Toledo, Three-sixteenths of an Inch From Chernobyl
For years, no one at Davis-Besse noticed as coolant water dripped onto the roof of the reactor vessel, a giant pot of nearly six-inch-thick carbon steel that holds the core. Or maybe they noticed, but decided it wasn't important. Either way, the coolant dripped, and the boric acid in it accumulated into a slushy little pile, and eventually the acid ate entirely through the carbon steel walls, creating a hole six inches deep, five inches long and seven inches wide.
Luckily, the inside of the vessel was coated with a three-sixteenths of an inch thick stainless-steel liner, which held off the acid--but the immense pressure inside the vessel forced it back out the hole. The Davis-Besse nuclear power plant, about forty kilometers outside of Toledo, stood three-sixteenths of an inch from a loss-of-coolant catastrophe. No one even knows how long the hole was there.
Nor was the hole formed without warning. In the summer of 2000, the NRC had put out the word: Nuclear power plant operators were to immediately inspect the nozzles of reactor vessels. Cracks in such nozzles had just been discovered at the Oconee nuclear plant in South Carolina (embarrassingly, just months after the NRC had given the plant a clean bill of health). Similar cracks were found at plants in Arkansas and Virginia. At Davis-Besse in Ohio, the acidic water was dripping from just such a nozzle crack.
After Besse-Davis eventually alerted regulators to the problem in July, 2001, the NRC admitted it failed to properly police the plant and had ignored numerous warnings; a survey of NRC employees found many concerned "that the NRC is becoming influenced by private industry," and that there is "a compromise of the [agency's] 'safety culture.' "Davis-Besse, and the plant's owners, FirstEnergy Corp., have since been in the national doghouse--not least since it's emerged that the August 2003 blackout probably originated with FirstEnergy's Ohio transmission lines. The good news is: When you've been caught in a ludicrous situation--letting acidic water drip for years onto your reactor and bringing Toledo within three-sixteenths of an inch from a possible disaster--you're free to fess up to other problems without taking much of a hit. You can even sell it as a contrite new dedication to safety.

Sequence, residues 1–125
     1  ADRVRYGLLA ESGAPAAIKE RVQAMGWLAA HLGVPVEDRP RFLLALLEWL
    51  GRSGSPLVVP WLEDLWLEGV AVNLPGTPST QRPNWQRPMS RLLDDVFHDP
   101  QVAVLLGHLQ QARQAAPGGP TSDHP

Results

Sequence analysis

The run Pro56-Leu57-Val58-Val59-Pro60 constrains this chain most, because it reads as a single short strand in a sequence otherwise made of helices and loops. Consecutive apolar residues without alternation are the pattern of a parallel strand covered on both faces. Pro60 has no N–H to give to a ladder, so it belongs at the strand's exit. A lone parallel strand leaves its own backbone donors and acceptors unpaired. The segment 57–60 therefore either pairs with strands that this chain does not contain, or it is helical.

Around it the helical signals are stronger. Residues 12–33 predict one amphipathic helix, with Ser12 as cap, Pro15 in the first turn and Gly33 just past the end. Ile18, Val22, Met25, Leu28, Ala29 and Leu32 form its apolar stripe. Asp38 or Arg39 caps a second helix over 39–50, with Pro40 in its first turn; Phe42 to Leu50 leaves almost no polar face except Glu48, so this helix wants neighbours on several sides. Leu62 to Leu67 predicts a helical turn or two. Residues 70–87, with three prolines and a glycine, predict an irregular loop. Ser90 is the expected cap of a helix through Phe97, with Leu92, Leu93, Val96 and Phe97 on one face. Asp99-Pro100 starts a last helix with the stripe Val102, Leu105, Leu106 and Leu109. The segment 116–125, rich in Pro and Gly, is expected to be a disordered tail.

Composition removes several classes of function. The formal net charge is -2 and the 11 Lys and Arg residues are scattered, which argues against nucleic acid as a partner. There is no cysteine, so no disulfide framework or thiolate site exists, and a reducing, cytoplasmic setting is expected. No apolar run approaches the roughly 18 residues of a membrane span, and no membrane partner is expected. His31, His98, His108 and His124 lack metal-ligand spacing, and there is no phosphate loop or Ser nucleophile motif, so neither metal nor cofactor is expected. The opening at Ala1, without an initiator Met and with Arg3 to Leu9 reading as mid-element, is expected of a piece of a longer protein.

And if you've shut down the plant anyway for embarrassing repairs, why not make all needed repairs? After all, even if it does end up costing $80 million, it's cheaper that way.
So in December, Davis-Besse became the first of the sixty-nine PWRs to confess that its containment sump pumps would probably not work if needed. "[T]he licensee stated that the recirculation sump had been declared inoperable as a result of the potential for sump clogging due to unqualified coatings [i.e., old paint] and other potential sources of post-accident debris," wrote the NRC.
In May, Davis-Besse also stated that another part of the system--high-pressure injection pumps further down the line--would also choke shut. (The Cleveland Plain Dealer, which has done excellent work on the Davis-Besse story, has a graphic here that explains it all.)